Porsche 911 S


Porsche 911 S 2+2 seater sports car 2.7-litre, 6 cylinders



Vehicle data

  • Km92.870 Km
  • ColourWhite
  • Colour interiorBlack
  • TypeCoupé
  • Model details2+2 seater sports car


  • Engine2.7-litre, 6 cylinders
  • Power175 hp at 5,800 rpm
  • Torque236 Nm at 4,000 rpm
  • Acceleration 0-60 mph7.5 sec.
  • Gearbox5-speed, manual
  • Top speed229 km/h

Production Data

  • Production period1973-1975


This very early "G model" is from March 1974 and was sold from new in Japan. Here it has been in the hands of very pertinent owners who have retained a large part of its papers on service and ownership and kept it in pristine order in a large Porsche collection. It presents beautifully with the great chrome details of the early models, and in general is kept it was delivered in its time - in the correct Grand Prix Weiss with Blauschwarz interior and rolling on the 15 "Fuchs wheels, which the first owner had ordered as an option from the factory.


Add to the above that the car drives strong, tight and sprightly as well and the car here is probably one of the best early G-models on the market. 

About the model:

Model year 1974 (G Series) saw three significant changes compared to earlier models. Firstly, the engine size was increased from 2.4 to 2.7 litres, producing more horsepower and increasing torque.  Secondly, the new bumpers had to conform with requirements of US regulations.  Thirdly, the 911 was given K-Jetronic CIS Bosch fuel injection.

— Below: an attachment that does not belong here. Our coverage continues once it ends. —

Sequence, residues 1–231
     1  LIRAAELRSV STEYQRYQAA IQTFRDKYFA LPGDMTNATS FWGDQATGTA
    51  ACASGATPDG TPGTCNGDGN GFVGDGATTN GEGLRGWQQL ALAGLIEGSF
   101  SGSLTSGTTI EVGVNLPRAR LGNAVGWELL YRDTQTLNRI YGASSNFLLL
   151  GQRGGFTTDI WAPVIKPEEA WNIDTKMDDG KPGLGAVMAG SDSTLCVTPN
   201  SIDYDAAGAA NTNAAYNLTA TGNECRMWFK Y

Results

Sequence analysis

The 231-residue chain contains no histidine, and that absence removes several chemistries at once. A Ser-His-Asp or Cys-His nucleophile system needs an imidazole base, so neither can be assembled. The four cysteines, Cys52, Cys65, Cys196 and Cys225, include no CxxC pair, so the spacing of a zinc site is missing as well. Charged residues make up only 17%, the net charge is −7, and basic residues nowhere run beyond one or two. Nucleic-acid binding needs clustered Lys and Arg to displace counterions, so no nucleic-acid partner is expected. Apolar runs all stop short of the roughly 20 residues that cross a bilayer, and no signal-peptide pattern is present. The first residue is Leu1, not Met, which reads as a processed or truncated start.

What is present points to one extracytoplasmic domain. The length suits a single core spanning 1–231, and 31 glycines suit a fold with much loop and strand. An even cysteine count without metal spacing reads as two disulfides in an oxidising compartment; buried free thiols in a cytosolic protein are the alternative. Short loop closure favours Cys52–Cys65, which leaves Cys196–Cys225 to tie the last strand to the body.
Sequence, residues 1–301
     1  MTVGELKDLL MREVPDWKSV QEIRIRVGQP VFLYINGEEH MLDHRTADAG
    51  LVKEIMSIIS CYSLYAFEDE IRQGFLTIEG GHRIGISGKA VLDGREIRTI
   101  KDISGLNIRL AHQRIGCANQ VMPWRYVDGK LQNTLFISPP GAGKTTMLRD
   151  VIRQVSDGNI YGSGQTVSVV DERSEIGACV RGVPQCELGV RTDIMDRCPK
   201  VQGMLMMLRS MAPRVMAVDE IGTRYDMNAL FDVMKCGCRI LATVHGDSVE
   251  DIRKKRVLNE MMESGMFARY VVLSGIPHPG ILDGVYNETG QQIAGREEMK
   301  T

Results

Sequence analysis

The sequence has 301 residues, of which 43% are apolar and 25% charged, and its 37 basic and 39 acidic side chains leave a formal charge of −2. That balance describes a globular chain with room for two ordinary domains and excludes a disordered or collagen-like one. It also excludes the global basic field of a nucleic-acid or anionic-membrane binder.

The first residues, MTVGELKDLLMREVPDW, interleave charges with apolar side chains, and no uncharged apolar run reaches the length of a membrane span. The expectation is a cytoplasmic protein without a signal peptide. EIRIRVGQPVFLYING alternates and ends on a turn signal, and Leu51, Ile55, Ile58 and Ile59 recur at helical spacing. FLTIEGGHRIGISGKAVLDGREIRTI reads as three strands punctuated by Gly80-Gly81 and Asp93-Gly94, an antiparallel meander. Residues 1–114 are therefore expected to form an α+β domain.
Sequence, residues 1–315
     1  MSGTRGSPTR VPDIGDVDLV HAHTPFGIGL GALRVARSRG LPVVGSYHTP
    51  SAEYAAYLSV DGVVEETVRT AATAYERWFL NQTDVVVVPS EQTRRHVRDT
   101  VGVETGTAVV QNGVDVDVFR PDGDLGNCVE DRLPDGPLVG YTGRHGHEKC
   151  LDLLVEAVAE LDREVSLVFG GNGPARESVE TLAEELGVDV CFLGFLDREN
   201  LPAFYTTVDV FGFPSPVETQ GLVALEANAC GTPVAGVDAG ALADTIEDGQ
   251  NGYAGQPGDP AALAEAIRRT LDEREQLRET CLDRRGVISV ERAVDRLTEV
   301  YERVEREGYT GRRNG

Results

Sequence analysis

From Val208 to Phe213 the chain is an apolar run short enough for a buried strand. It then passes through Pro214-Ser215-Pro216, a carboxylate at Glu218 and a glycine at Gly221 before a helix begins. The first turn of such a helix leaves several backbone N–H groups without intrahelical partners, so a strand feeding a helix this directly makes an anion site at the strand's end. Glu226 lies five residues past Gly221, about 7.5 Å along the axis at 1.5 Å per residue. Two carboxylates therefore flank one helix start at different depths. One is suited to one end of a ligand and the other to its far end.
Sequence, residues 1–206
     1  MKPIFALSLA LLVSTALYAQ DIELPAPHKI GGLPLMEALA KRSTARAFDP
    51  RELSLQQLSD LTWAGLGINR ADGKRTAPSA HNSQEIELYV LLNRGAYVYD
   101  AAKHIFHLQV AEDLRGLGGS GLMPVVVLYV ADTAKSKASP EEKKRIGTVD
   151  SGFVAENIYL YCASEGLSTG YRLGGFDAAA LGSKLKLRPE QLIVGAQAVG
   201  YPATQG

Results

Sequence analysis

The 2.7-litre engine in the 911S now produced 173 hp, an increase of 23 hp compared to the 2.4-litre model. From 1976, the standard model received an increase to 163 hp, which meant that there was only a 10 hp difference in power between the 911 and the 911 S.

Mechanically, the 911 was noteworthy due to the fact that it has rear-wheel drive and is air-cooled. From the very beginning, the 911 was modified by private teams and by Porsche itself for racing, rallying and other forms of automotive competition.

Vehicles from the original 911 series are often regarded as the most successful and competitive cars ever produced, particularly considering the many variants. One of the most notable is the high-performance 935, an evolution of the 911 which won the 24 Hours of Le Mans in 1979 (935 K3 variant) even though it was in competition with other, larger sports cars and prototypes.

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